2 user

The Light That Burns: Remembering Jordan Cronenweth (2007)

Cinematographer Jordan Cronenweth's work on Blade Runner is remembered by friends, colleagues and relatives.


Add Image Add an image

Do you have any images for this title?



Cast overview:
Paul Sammon ...
Himself, author of 'Future Noir: The Making of Blade Runner' (as Paul M. Sammon)
Richard Hart ...
Himself (as Dick Hart)
Ernest Holzman ...
Cary Griffith ...
Michael Genne ...
Himself (as Mike Genne)
Steven Poster ...


Cinematographer Jordan Cronenweth's work on Blade Runner is remembered by friends, colleagues and relatives.

Plot Summary | Add Synopsis


Documentary | Short





Release Date:

3 December 2007 (UK)  »

Company Credits

Show detailed on  »

Technical Specs



Aspect Ratio:

1.78 : 1
See  »

Did You Know?


This featurette is found on the Four-Disc Collector's Edition and Five-Disc Ultimate Collector's Editions (DVD, HD DVD & Blu-Ray) of Blade Runner (1982), all released in December 2007. See more »


Features Blade Runner (1982) See more »

Frequently Asked Questions

This FAQ is empty. Add the first question.

User Reviews

Respect where it is due
15 March 2009 | by (Rijswijk, ZH, Netherlands) – See all my reviews

This life and times of cinematographer extraordinaire Jordan Cronenweth are discussed in this 20 minute tribute. The majority of the running time is spend talking about his work on Blade Runner, which is only logical as it is part of the bonus features in the 'Fabrication' segment of the 'Enhancement Archive' aka disc 4 of the Blade Runner boxed set. And since the man is no longer with us, he is praised to high heaven by everyone, just like he is in the companion piece documentary 'Dangerous Days' (disc 2). Jordan was already ill during the filming of Blade Runner and spend most of his time in a wheel chair. However, unlike author Philip K. Dick who never got to see the finished product, I was surprised to learn that Cronenweth lived until 1996 and worked on many more features. Actor Brion James (Leon) died in 1999 and he didn't get a documentary of his own, but then Brion didn't create the all important ambiance and lighting with just four one kilowatt Xenon searchlights.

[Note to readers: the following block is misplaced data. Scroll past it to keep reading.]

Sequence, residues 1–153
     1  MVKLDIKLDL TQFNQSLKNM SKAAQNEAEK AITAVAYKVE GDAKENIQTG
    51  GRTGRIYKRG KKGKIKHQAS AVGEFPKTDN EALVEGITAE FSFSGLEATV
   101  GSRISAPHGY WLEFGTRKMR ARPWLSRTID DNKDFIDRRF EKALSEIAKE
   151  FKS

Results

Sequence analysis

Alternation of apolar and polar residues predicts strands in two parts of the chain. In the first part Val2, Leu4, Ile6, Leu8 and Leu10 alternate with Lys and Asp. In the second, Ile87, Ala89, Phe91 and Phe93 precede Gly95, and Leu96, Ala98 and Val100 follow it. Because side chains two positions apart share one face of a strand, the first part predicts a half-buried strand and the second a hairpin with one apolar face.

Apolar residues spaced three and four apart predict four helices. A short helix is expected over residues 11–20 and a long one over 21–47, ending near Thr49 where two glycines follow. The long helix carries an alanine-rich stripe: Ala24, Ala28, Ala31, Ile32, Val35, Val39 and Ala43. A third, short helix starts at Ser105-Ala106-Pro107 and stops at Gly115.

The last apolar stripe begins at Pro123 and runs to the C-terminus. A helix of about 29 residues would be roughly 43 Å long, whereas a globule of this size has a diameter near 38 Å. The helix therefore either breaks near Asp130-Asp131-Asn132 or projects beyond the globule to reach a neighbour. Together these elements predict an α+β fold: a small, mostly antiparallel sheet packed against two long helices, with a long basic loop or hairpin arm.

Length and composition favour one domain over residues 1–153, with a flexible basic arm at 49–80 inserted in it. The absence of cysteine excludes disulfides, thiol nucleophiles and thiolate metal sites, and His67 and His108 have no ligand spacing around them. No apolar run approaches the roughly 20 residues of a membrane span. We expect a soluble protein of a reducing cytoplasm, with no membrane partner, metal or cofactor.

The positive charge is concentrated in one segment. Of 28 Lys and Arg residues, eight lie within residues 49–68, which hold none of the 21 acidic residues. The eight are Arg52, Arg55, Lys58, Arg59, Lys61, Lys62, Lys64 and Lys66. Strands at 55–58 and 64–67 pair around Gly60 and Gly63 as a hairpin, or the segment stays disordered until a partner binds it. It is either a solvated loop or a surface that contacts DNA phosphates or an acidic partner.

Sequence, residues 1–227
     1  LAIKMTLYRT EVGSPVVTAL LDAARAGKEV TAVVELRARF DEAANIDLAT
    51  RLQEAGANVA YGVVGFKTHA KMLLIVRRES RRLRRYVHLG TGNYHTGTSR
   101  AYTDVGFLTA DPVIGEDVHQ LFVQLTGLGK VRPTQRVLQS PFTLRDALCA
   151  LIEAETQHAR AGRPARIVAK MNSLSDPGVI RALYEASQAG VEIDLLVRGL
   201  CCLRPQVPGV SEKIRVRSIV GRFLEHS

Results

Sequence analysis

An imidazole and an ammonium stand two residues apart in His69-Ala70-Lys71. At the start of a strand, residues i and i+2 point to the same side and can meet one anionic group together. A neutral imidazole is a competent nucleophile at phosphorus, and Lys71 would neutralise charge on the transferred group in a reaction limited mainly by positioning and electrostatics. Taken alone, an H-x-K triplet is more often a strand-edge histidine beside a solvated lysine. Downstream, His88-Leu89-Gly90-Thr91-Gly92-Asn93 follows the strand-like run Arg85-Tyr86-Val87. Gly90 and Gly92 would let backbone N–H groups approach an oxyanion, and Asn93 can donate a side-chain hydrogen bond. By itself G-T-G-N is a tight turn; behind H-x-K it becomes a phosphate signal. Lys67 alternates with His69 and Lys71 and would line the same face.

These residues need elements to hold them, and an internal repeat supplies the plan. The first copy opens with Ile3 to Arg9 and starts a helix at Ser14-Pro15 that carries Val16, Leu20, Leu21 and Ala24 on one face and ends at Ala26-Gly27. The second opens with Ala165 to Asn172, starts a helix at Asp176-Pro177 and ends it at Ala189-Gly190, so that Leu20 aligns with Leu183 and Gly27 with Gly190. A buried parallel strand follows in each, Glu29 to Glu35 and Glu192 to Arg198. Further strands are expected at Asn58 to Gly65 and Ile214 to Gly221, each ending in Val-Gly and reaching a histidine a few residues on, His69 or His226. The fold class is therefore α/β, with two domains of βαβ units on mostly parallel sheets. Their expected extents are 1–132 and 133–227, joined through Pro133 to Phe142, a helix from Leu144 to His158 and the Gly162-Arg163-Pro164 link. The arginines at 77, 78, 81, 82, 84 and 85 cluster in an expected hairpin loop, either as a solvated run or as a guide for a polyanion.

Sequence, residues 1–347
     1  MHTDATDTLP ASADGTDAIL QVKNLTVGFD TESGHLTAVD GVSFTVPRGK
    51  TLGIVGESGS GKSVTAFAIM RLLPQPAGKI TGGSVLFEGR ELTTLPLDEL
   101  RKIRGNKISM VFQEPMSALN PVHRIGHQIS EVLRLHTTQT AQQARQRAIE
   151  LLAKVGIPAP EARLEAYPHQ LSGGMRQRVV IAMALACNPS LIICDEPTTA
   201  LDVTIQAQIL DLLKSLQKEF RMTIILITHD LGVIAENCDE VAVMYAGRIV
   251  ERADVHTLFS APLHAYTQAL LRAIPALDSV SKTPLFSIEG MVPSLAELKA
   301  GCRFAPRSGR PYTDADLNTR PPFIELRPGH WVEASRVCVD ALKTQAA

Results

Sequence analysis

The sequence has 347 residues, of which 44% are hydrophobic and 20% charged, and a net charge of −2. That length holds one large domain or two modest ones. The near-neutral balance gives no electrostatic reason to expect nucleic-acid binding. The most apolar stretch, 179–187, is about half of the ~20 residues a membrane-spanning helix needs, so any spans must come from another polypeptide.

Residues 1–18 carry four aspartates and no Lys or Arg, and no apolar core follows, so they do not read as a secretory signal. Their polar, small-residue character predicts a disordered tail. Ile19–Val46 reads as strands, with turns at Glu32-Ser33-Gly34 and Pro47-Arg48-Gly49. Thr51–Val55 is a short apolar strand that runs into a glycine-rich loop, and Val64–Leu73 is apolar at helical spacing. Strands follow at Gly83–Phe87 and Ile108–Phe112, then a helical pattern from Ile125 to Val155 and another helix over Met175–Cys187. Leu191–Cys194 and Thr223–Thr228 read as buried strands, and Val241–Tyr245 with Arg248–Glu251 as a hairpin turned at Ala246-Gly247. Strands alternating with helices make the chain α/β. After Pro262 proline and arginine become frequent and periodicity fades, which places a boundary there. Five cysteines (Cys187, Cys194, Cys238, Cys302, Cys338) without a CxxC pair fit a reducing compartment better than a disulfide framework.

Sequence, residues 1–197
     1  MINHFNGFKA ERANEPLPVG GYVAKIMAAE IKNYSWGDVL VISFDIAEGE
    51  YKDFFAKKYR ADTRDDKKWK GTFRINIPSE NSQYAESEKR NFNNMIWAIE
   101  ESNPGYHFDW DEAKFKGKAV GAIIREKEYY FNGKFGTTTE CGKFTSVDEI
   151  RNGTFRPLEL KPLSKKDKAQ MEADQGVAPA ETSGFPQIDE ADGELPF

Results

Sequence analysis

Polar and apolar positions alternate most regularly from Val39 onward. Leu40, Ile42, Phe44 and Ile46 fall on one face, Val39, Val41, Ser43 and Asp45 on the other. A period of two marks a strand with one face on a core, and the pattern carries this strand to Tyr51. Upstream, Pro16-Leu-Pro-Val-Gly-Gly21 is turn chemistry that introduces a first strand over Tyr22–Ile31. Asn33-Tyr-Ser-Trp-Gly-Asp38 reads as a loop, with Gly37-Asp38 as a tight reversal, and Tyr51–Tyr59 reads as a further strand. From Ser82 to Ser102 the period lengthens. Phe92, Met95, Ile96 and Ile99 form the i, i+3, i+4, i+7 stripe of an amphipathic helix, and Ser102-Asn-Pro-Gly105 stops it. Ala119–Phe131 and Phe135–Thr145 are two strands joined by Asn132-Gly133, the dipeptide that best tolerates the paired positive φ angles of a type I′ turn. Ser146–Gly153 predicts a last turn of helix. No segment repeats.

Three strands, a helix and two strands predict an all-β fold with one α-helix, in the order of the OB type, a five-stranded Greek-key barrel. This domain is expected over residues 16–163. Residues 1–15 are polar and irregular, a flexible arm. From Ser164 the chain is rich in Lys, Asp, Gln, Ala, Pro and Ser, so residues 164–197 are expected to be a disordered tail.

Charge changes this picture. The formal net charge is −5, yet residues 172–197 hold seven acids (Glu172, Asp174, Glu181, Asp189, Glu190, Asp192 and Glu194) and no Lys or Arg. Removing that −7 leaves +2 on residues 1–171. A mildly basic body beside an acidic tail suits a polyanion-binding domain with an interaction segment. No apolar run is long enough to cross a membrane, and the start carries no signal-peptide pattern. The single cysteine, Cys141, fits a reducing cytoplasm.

Apart from the fact that he could be quite a stubborn man, nobody has anything bad to say about Jordan Cronenweth. He seems to have been an inspiration to every one working in cinematography before and after Blade Runner, and everybody agrees the Academy made a mistake not nominating Cronenweth for Ridley Scott's 1982 classic. He did however win a Bafta award for that film and, being a very generous person, shared the glory with Steven Poster. Before the filming of the Runnder, Jordan had been diagnosed as having M.S. and been given treatment accordingly. Afterwards they found out it was Parkinson he had instead, meaning he had been taking the complete opposite medicine of what he should have been swallowing. Despite of this, Jordan remained focused, positive and kept on doing what he did best: to love live and to breathe live into motion pictures. More than any other picture on his resume, Blade Runner will stand the test of time and keep on mesmerizing people with the richness of it's light and shadows. A whole new generation of filmmakers have grown up citing this film amongst their greatest influences and some of them were lucky enough to get to work with Cronenweth while they still could.

Many anecdotes and remembrances by Jordan's peers, admirers, co-workers and his son Jeff (who also became a director of photography) are sprinkled over the course of this featurette, and although Ridley Scott has conjured up many more dazzling images in back-lighting, shadows, falling leaves and whatnot, his collaboration with Cronenberg on Blade Runner remains unsurpassed. The film has of course been criticized as being more about light and shadows than about characters, but who's to say they can't be carry a picture by themselves?

8 out of 10

4 of 5 people found this review helpful.  Was this review helpful to you?

Message Boards

Contribute to This Page